Josh Hamilton requires special care
There are enough red flags in Josh Hamilton’s on-field dossier to make the Angels’ five-year, $125-million investment in the slugger seem dubious.
Injuries have limited Hamilton, 31, to an average of 123 games a year. Though the outfielder hit .285 with 43 home runs and 128 runs batted in for the Texas Rangers in 2012, he tailed off considerably in the second half, hitting .259 with 16 homers and 53 RBIs in 69 games.
Hamilton, who underwent a physical Friday and is scheduled to be introduced at 11:30 a.m. Saturday at the ESPN Zone in Downtown Disney, also had a career-high 162 strikeouts, chased far too many pitches outside the strike zone and led major league regulars with a 36% swing-and-miss rate.
But the biggest risk in signing Hamilton is an off-field blotter that includes years of drug and alcohol abuse, several relapses and public apologies to his wife, Katie, and teammates, and the constant battle with the inner demons that can fuel such addiction.
“I encourage people who may question Josh to give him a chance and support him, because his heart, his intentions, are in the right place,” said Johnny Narron, the Milwaukee hitting coach who served as Hamilton’s “accountability partner” for five years in Cincinnati and Texas.
“It’s a daily situation that Josh and Katie confront. He’s not perfect, but he’s working hard to do what’s necessary. They know what needs to be done to make sure Josh has the best chance to be the man, father, husband and ballplayer he needs to be.”
Narron, 61, has known Hamilton for more than 20 years, dating back to Hamilton’s youth-league days in Raleigh, N.C.
“He played on my son’s basketball team when he was 8 or 9 years old,” Narron said. “I asked people in the gym, ‘Who is this kid?’ He looked bigger, stronger and faster than the other kids. They said, ‘That’s Josh Hamilton, but wait until you see him play baseball.’ ”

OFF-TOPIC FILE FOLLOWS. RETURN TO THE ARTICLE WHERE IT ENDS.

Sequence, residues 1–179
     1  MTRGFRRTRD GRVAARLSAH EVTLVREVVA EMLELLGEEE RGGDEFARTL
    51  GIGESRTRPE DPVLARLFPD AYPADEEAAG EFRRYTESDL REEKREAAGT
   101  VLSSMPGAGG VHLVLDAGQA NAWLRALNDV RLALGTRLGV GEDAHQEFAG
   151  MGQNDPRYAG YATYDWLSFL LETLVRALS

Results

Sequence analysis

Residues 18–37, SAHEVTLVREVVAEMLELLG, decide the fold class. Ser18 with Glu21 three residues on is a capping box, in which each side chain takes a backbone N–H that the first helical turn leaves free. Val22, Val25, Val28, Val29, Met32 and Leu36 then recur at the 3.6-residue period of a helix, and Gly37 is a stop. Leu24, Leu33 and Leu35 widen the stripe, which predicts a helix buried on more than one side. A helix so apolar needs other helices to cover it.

The two remained close through dark days, when Hamilton blew much of the $3.96-million signing bonus he received for being the first pick of the 1999 draft on drugs and booze, when he reportedly bartered Katie’s wedding ring for cocaine, when he was on baseball’s restricted list for three full years (2003-05).
“He’s like a son to me,” Narron said.
When Hamilton got sober in 2005 and reached the big leagues with Cincinnati in 2007, the Reds hired Narron as an assistant hitting coach.
Narron followed Hamilton to Texas in 2008, serving four years as an assistant hitting coach and Hamilton’s chaperon, advisor and confidant.
The two had adjacent hotel rooms on the road. At home, Narron and his wife socialized with Josh and Katie. Narron sometimes took control of Hamilton’s pocket money to reduce temptation.
“There were things we did to help him stick to his sobriety,” Narron said. “The most important thing was to support him in his faith and his family. Embrace him, encourage him, stay positive with him. Those things have worked for Josh.”
Hamilton, a 6-foot-4, 240-pound bundle of power, speed, natural curls and tattoos, thrived on the field, hitting .304 with 32 homers and 130 RBIs in 2008, winning most-valuable-player honors in 2010, when he hit .359 with 32 homers and 100 RBIs, and leading Texas to the World Series in 2010 and 2011.
But there were two alcohol relapses in 2009. After Narron took the Milwaukee job, Hamilton relapsed last spring at a bar in Tempe, Ariz., an incident that was followed by another mea culpa news conference in which Hamilton described himself, when he drinks, as being “very deceptive, very sneaky.”
“Josh owns up to it,” Kansas City outfielder Jeff Francoeur, a former teammate, told Sports Illustrated last June. “You see a lot of people deal with personal issues, they hide behind it. Josh is very upfront, and people appreciate that. They know he’s a real person.”
The Angels know exactly what they’re getting in Hamilton, a guy who could team with Mike Trout and Albert Pujols to form one of baseball’s most lethal lineups, and a guy with enough personal baggage to fill a 737’s worth of overhead bins.
The Angels won’t announce Hamilton’s signing until Saturday, so it is not known whether they’ll hire an accountability partner, “but I’m sure Josh’s agent will discuss that with the Angels and do whatever is necessary,” Narron said.
When Hamilton is right off the field, he can do serious damage on it, as he did May 8 in Baltimore, when he became the 16th player in major league history to hit four homers in a game.
“He’s an outstanding player, an impact player, a difference-maker,” Narron said. “The fans in Anaheim are in for a treat.”
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